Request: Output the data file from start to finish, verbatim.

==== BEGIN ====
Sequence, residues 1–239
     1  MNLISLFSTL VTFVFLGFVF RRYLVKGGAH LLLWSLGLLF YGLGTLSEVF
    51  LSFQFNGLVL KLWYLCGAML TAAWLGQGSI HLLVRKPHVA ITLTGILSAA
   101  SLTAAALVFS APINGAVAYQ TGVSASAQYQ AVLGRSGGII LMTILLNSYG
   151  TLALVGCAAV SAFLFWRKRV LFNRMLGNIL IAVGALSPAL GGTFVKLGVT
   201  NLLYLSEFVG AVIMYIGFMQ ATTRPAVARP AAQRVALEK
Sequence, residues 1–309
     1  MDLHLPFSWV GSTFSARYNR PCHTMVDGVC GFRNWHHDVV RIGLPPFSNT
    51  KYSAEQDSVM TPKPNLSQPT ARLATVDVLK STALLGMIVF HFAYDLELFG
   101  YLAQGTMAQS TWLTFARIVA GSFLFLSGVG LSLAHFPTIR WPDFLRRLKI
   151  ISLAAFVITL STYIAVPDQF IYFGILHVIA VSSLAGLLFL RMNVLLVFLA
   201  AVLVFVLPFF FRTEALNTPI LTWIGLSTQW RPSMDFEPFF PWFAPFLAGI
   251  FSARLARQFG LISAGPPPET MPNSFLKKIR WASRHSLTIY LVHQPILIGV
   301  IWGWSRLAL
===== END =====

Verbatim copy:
Sequence, residues 1–239
     1  MNLISLFSTL VTFVFLGFVF RRYLVKGGAH LLLWSLGLLF YGLGTLSEVF
    51  LSFQFNGLVL KLWYLCGAML TAAWLGQGSI HLLVRKPHVA ITLTGILSAA
   101  SLTAAALVFS APINGAVAYQ TGVSASAQYQ AVLGRSGGII LMTILLNSYG
   151  TLALVGCAAV SAFLFWRKRV LFNRMLGNIL IAVGALSPAL GGTFVKLGVT
   201  NLLYLSEFVG AVIMYIGFMQ ATTRPAVARP AAQRVALEK
Sequence, residues 1–309
     1  MDLHLPFSWV GSTFSARYNR PCHTMVDGVC GFRNWHHDVV RIGLPPFSNT
    51  KYSAEQDSVM TPKPNLSQPT ARLATVDVLK STALLGMIVF HFAYDLELFG
   101  YLAQGTMAQS TWLTFARIVA GSFLFLSGVG LSLAHFPTIR WPDFLRRLKI
   151  ISLAAFVITL STYIAVPDQF IYFGILHVIA VSSLAGLLFL RMNVLLVFLA
   201  AVLVFVLPFF FRTEALNTPI LTWIGLSTQW RPSMDFEPFF PWFAPFLAGI
   251  FSARLARQFG LISAGPPPET MPNSFLKKIR WASRHSLTIY LVHQPILIGV
   301  IWGWSRLAL